Spruce up your furniture with spray paint
Copper, hammerfinish, neon, vintage shabby chic in white and in light blue. Category Marketing Manager Fabienne Müller gave me five spray cans and asked me to give them a try and judge if they really create the effects they promise. Nothing easier than that.
Belton makes great promises: The «belton Special» range, according to the manufacturer, allows you to upgrade day-to-day objects, revamp old treasures and enjoy infinite application diversity. I quickly realise I don’t have any old treasures casually lying around in my home. And if I did, there’s no way I’d spray them in neon colours. So I start off by looking for a piece of wood and sanding it down. Not all spray colours are primarily intended for wood (hammerfinish, for instance, clearly isn’t), but I want to see all colours side by side to take a closer look at them and compare the effect.
I tested these spray paints ...
Turning new into old
The vintage or shabby chic look is available in white and in light blue. I try both on a piece of my wood board. I let the paint dry for a few minutes and voilà… it looks like regular white and blue paint. I must admit, I was expecting something a bit more vintage. I take a closer look at the can and read that the vintage look is applied by sanding down specific parts of the surface. Alright, but in this case, couldn’t I have used regular spray paint? I try it out, but the sanded down parts look a bit self-made. Which they are, of course, but nevertheless. Maybe my sanding skills are to blame.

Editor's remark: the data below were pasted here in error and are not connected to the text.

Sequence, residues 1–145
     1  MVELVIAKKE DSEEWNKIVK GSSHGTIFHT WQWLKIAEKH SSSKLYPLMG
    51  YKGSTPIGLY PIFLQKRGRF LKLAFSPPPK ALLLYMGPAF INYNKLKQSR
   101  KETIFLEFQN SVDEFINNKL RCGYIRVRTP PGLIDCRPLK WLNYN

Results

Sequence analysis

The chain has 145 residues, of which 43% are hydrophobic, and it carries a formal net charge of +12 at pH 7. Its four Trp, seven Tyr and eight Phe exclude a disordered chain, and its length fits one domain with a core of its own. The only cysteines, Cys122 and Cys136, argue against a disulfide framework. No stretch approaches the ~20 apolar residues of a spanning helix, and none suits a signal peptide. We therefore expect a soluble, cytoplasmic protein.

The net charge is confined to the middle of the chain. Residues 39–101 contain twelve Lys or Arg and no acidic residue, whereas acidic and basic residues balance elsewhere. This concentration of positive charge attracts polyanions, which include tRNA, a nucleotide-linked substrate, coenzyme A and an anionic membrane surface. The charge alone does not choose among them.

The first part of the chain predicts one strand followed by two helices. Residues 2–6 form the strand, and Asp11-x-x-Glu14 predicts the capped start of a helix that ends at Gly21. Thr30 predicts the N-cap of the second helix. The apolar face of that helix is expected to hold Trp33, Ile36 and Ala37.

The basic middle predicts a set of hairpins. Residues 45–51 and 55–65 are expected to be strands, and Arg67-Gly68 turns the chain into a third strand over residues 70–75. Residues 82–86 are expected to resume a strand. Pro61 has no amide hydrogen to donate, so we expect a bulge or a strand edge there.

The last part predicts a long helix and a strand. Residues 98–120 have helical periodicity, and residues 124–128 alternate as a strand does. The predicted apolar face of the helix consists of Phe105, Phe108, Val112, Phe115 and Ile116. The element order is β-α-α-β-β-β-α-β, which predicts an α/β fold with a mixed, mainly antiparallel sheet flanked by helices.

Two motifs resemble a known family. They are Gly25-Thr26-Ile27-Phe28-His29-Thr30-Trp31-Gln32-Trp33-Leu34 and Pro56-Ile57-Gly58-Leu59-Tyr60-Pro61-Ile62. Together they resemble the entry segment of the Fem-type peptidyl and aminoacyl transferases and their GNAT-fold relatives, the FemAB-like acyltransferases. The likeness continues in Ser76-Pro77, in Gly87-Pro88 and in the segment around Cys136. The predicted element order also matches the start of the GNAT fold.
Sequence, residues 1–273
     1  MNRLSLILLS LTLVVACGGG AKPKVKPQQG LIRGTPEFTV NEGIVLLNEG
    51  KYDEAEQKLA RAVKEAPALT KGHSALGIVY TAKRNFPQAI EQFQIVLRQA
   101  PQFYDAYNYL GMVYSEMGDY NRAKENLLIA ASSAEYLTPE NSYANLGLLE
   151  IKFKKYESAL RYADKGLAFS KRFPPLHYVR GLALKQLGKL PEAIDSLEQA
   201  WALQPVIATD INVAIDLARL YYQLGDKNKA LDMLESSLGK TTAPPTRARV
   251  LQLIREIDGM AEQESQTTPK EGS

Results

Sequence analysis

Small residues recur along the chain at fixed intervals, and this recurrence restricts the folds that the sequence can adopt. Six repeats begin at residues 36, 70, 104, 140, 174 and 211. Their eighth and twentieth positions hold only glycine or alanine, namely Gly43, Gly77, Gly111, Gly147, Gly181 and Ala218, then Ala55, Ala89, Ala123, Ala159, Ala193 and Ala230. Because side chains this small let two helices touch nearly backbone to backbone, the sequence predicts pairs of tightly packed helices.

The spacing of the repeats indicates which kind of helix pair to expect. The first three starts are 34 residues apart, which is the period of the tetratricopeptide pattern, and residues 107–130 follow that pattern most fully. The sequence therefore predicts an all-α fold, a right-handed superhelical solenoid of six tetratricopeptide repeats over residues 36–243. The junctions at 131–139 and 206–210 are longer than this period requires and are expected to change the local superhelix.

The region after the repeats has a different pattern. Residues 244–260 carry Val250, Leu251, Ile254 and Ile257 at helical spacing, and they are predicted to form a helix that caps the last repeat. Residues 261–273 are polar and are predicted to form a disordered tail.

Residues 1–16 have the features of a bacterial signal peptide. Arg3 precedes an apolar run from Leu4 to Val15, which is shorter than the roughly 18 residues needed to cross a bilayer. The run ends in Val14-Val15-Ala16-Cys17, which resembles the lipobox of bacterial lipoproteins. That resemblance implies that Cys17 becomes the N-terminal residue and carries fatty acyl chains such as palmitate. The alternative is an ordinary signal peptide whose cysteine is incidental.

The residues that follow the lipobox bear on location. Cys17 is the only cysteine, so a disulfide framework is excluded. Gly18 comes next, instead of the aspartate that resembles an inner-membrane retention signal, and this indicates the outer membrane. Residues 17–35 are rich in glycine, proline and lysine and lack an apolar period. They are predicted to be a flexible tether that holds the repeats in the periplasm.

The vintage effect is created by removing part of the paint I just sprayed on.
I do the same again, this time with orange neon colour. Again, I wait until the paint has dried and then take a look at my creation. No surprises this time; it could be even brighter and flashier, but it’s definitely neon orange. But I’m glad I didn’t spray any of my furniture with this colour, as it’s not my cup of tea. To me, neon colours should stay in the 80s and 90s.
Doesn’t look too bad.
Spruce up your bits and pieces
Let’s take a look at the copper effect. The can says this colour works on wood, but I’m guessing metal and plastic make more sense. Nevertheless, I’m using it on my wood board, just like all other spray paints. As expected, the typical copper shimmer can't be seen on wood, so I reach for the small blue plastic watering can I own. Metal products are a rarity in my household. I spray the copper colour onto my watering can and am happy with the result: I really looks as if it's made of copper. This spray is definitely a favourite of mine.
My watering can has turned out great.
How about some heavy metal?
The hammerfinish effect spray is designed to give your objects that typical metallic look that you know from old letter boxes or tool boxes. On wood, the effect doesn't look great; definitely not like real metal. I try it out on plastic bucket, which works a lot better, but leaves me with an uneven result. Nevertheless, the metal effect has definitely spruced up my cheap plastic bucket.
A bit uneven but quite okay.
Despite small deficiencies, (most) belton sprays are worth their money. I was particularly impressed with the copper spray paint, which is great to revamp old bits and pieces. Personally, I wouldn't buy the shabby chic spray – the same effect can be created with chalk, acrylic or even regular wall paint. The thinner layer may speed up the spraying process a bit, but it also means the remaining surface is covered with a thinner layer of paint.
All results at one glance.
Vintage-Spray (Shabby-Chic) (Sky blue, 400ml)
For decorative varnishing, to achieve a vintage look in combination with sandpaper (recommended P180). A great, trendy look, simply from the spray paint can.
Spray Paint 400ml (Antique white, 400ml)
For decorative paintwork, to achieve a vintage look in combination with sandpaper (P180 recommended). A great, trendy look, simply out of the spray paint can.
Spray Paint 400ml (Orange, 400ml)
Spray Paint 400ml (Copper, 400ml)
Spray Paint 400ml (Silver, 400ml)
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